I’m nodding my head along to this post from Kenneth Jarecke:
There’s nothing wrong with not being any good at photography. Everybody started out bad and none of us does all aspects of it well. But it’s a crying shame to want to be good at it, to spend time and money trying to be good at it, and not getting any better.
This isn’t like teaching a child to read. Positive reinforcement is your enemy. Your Facebook friends, your Twitter followers… hate you. Instead of taking ten seconds to say. “This doesn’t work. You need to do better”. They readily push that “like” button, because it’s easy and they hope to get the same from you, but also because they’re cowards.
This is something I see every day, and it never ceases to drive me insane. I have a lot of photographer friends on Facebook, and I see their pictures and sometimes the pictures that they like. I see comments/favorites on the pictures that land in the Big Lens Fast Shutter group on Flickr. And every time, I wonder “Does the person that made the picture know it sucks despite all the positive feedback?” Most people don’t know any sports photographers, and unless you are one, there’s almost no chance you know more than one. So all of your friends who just love your pictures probably have no idea what they are talking about. They’re impressed because you froze the action. They’re impressed that you managed to get the faces in focus and a ball in the frame. But as we say time and again, this is just a very small part of sports photography.
I continue to feel that Training Ground is far and away the most important part of the Big Lens Fast Shutter podcast. Sure, no one would listen to an hour of critiques while scrolling through a page of pictures every month, but our mission is to make you better at sports photography, and I honestly don’t know how anyone gets better without a bit of harsh critique from time to time.
Ken Reabe Jr is one of our listeners who participates in Training Ground religiously. With Ken’s permission, I’m going to show you the progress he has made since he decided to shoot with our criticism/advice. These are selected from Ken’s Training Ground pictures from August, September, December and January:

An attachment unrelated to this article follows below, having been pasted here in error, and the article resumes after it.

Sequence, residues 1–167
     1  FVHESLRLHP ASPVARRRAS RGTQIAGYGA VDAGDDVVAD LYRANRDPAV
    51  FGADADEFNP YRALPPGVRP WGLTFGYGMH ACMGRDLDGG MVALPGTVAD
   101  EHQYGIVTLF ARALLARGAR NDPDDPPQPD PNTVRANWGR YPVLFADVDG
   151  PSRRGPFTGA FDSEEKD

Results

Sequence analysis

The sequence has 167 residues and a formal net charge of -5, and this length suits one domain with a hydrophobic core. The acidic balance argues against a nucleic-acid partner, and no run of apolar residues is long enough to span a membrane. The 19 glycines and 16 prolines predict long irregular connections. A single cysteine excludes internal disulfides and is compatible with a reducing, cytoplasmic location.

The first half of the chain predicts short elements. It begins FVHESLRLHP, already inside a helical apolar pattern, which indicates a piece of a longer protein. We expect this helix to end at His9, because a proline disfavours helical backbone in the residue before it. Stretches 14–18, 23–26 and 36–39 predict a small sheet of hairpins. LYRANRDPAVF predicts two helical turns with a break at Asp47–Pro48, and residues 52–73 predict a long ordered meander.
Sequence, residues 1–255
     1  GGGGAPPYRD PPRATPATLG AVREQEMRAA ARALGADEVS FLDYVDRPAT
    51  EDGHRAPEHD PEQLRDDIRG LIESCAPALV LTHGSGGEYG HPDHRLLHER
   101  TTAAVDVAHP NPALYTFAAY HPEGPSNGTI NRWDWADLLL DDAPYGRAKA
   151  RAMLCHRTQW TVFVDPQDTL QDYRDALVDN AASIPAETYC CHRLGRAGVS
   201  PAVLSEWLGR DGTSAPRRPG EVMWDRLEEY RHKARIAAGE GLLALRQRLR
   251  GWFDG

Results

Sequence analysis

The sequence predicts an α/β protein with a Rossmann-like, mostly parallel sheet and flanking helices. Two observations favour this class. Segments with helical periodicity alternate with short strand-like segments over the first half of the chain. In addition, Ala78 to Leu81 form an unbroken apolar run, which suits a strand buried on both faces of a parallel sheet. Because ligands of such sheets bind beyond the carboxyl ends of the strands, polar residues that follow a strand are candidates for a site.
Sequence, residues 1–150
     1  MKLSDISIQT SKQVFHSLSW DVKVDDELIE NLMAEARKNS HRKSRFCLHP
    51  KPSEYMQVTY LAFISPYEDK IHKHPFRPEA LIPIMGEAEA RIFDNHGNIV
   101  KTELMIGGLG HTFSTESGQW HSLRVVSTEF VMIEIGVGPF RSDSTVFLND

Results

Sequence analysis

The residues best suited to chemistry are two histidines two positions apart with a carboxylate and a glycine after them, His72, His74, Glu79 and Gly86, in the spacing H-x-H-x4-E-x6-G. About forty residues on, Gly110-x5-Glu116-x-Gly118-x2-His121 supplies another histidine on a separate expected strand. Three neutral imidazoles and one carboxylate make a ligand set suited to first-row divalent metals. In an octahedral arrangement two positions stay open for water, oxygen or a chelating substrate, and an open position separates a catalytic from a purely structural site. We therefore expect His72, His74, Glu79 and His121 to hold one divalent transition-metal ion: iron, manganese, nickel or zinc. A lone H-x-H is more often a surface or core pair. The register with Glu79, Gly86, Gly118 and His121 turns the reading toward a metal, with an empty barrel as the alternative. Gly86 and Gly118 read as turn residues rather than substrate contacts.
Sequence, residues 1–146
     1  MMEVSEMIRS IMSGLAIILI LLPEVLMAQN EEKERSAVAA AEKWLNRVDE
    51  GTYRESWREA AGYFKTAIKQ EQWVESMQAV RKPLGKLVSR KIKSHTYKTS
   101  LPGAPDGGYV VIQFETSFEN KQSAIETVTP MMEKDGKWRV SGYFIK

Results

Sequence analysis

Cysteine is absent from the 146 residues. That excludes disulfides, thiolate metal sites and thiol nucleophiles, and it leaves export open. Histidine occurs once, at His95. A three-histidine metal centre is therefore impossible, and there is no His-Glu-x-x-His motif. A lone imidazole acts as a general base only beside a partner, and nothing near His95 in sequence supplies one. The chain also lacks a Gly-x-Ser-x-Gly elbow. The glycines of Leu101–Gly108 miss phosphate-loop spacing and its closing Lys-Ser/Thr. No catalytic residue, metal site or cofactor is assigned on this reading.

As you can see, Ken has gone from missing the action completely to boring action pictures to well-thought-out-but-not-quite-there non-action pictures before pulling it all together with a perfectly planned and well executed basketball picture that has the feel of a landscape or architecture picture. You can ask Ken, none of this was an accident, nor was it the result of doing the same thing over and over. He wasn’t happy with his pictures, and he traded very short term pain (maybe four minutes of criticism each month for a few months) for the chance to get better very quickly. Was it worth it?
Over the weekend I was looking through the group pool and invited a picture to Training Ground, and the photographer got my comment and submitted a different (better) picture instead. We also received this very nice “thank you” note from a reader/listener who nonetheless considers himself not “brave enough” to submit pictures to Training Ground. Is chasing comments/faves/+1s that intoxicating? Has it made hearing what’s wrong with a few of your pictures and some ideas on how to do better the next time that much harder to hear? I’m genuinely curious about this. The Big Lens Fast Shutter group on Flickr currently has 451 members. I’d like to see more people participating in Training Ground and fewer people dumping images in the group pool chasing comments/faves/+1s. We’re here to make you better, not facilitate a popularity contest.
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